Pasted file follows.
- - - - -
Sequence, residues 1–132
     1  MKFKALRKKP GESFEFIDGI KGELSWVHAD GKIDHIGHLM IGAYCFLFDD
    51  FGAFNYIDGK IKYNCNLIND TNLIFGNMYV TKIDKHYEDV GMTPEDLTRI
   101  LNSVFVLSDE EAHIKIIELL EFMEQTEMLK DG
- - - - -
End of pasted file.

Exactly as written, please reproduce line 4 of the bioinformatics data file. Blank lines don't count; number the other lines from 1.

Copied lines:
   101  LNSVFVLSDE EAHIKIIELL EFMEQTEMLK DG